It was as if he had cast himself among that generation of so-called hell- raising players - Richard Burton, Peter O'Toole, Albert Finney, Nicol Williamson, whose talents burned so bright in the playhouse until the cinema claimed most of them - except that Stephens could never claim great success in films. He would therefore prove that he at least had never turned away from the greatest test of all: the great roles in the theatre.
If he did not convince everyone of his greatness, he reminded a younger generation of playgoers of the guts, gusto, personality and bravado necessary to heroic acting in its heyday.
Nor did he neglect the supposedly romantic element in that tradition of acting, which he vividly chronicles in an autobiography, Knight Errant, published a fortnight ago.
Brimful of swagger and of egocentric fancy, it charts a career divided boldly between artistic ambition and personal indulgence, displaying a restless energy and Don Juan assurance which sometimes leaves the reader breathless with admiration or astonishment at the author's effrontery. The book was as if he were re-enacting the adventures of the hero of an 18th-century novel; but at the same time it seldom reflects the kind of actor he was on stage during most of his career until its relatively glamorous end.
Kenneth Tynan had acclaimed him as the essence of the red-brick style of acting which puts brains before breeding. George Devine was certainly not looking for classical actors when he was setting up shop for the English Stage Company, at the Royal Court Theatre in the mid-1950s, for new writers for the stage. But in recruiting Stephens from the Library Theatre, Manchester, he found an actor of integrity and grit who created a stir in all sorts of forgotten works as well as in Osborne's The Entertainer, Wesker's The Kitchen and, above all, Epitaph for George Dillon.
Here was an anti-hero even nearer to Osborne's heart than Jimmy Porter and Stephens acted it with all his heart. "The cleverest portrait I have seen of a certain kind of neurotic artist," declared Tynan. "Quite wonderful," said Noel Coward; Laurence Olivier made a note to have him as one of the 50 founding members of the forthcoming National Theatre Company.
With his hooded eyes, beaky nose, heavy jowl, cawing voice, and devil- may-care delight in a profession which gave him scope for being larger than life and twice as exuberant, Stephens did not win universal praise as a charmer. Nor was it in his nature to play for sympathy. Stephens was an off-beat actor, and rather heavy-handed with it.
Indeed that was obvious in Coward's somewhat heavy-handed 1959 version of Feydeau, Look after Lulu, which had rather oddly got into the Royal Court repertoire with Vivien Leigh in the Madeleine Renaud part and Stephens dashing about in his Edwardian combinations.
It was a fault, though, which he was ready enough to correct when a veteran from the pre-war Aldwych farces, Robertson Hare, suggested that he took up daily skipping. Other ungainlinesses of manner were less easy to shed.
Nevertheless, Stephens had intelligence, personality, determination and technique. Even before his George Dillon had won golden opinions in London and New York he had shown himself satisfactorily versatile for the Royal Court in authors as diverse as Arthur Miller, Brecht, Wycherley, Nigel Dennis and Michael Hastings.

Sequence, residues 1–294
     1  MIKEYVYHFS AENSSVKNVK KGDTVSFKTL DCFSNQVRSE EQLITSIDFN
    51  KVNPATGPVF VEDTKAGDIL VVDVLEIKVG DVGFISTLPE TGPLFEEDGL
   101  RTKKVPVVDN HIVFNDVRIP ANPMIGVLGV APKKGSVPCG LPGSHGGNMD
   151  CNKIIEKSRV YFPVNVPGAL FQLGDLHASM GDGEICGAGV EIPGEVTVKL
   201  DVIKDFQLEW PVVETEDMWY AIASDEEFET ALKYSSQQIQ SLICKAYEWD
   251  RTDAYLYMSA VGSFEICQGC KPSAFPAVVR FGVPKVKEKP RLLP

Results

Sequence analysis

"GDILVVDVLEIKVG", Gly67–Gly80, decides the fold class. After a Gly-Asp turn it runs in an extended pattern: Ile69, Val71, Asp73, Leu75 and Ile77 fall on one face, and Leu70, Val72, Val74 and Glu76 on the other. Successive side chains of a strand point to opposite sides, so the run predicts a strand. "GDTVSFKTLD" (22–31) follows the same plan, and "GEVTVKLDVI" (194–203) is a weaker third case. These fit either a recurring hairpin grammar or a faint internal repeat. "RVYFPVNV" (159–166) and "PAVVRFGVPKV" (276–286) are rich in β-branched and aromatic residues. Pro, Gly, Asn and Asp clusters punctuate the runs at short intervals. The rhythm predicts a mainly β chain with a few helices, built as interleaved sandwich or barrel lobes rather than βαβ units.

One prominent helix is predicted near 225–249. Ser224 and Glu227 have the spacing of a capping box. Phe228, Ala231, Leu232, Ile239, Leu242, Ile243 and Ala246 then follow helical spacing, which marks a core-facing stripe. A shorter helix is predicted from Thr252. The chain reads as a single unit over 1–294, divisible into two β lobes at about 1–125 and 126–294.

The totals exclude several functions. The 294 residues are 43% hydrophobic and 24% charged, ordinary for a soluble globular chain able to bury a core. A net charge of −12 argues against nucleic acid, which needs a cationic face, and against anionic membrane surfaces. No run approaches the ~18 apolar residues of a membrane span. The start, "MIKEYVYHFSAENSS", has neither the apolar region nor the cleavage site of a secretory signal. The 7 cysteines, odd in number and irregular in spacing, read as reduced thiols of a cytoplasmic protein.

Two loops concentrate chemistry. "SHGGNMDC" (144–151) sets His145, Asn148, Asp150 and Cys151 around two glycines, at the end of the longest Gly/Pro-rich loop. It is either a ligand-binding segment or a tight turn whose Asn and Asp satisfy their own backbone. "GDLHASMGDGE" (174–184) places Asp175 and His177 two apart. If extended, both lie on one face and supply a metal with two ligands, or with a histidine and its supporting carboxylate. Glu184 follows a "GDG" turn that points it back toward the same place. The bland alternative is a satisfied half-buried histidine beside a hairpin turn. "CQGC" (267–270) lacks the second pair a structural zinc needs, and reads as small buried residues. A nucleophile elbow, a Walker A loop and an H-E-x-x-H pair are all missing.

But who could have foreseen - except perhaps Olivier - that, within five years of Dillon, Stephens would be a rising star with the National Theatre at the Old Vic in its heyday and even in line for its throne? Would he have risen so rapidly as an actor, without the good fortune of encountering on stage within three months of his arrival at the National one of the most brilliant comediennes of the day - perhaps of any day - the even more versatile Maggie Smith?
Their partnership began purely by chance casting; soon they were cast as a couple whose acting together made one and one add up to three, and in a few seasons they had become the most famous partnership in British theatre.
Although they worked apart well enough in the National's mainly classical repertoire, they made audiences look forward to seeing them together; and halfway through that glittering decade from 1963 to 1973 Olivier one day touched the dashing, handsome and effervescent Stephens on the shoulder. Would he like to be one of Olivier's chief lieutenants?
Could it be true? Might he as an associate director and something of a matinee idol be heading even higher up the National ladder? Here he was standing as it were in the wings of what was to be called the Royal National Theatre whose great but ageing artistic director was ailing.
If ever an actor felt greatness being thrust upon him Stephens could be forgiven for so thinking. Married by then to one of the era's most accomplished and popular actresses - a comedienne and tragedienne who had also become a film star in The Prime of Miss Jean Brodie (in which he also appeared) - Stephens was thrice blest.
With some accuracy the partnership was compared to other, illustrious couples like the Lunts (Alfred Lunt and Lynn Fontanne), John Clements and Kay Hammond, Laurence Olivier and Vivien Leigh; and playgoers could sense across the Old Vic footlights the mutual exhilaration, verve and delight in their own teamwork.